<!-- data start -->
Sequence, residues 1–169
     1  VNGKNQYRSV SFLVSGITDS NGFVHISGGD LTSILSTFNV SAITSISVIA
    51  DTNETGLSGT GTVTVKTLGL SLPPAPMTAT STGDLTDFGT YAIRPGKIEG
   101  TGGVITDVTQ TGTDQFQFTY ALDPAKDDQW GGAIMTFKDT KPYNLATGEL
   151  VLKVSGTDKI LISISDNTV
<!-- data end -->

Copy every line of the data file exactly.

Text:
Sequence, residues 1–169
     1  VNGKNQYRSV SFLVSGITDS NGFVHISGGD LTSILSTFNV SAITSISVIA
    51  DTNETGLSGT GTVTVKTLGL SLPPAPMTAT STGDLTDFGT YAIRPGKIEG
   101  TGGVITDVTQ TGTDQFQFTY ALDPAKDDQW GGAIMTFKDT KPYNLATGEL
   151  VLKVSGTDKI LISISDNTV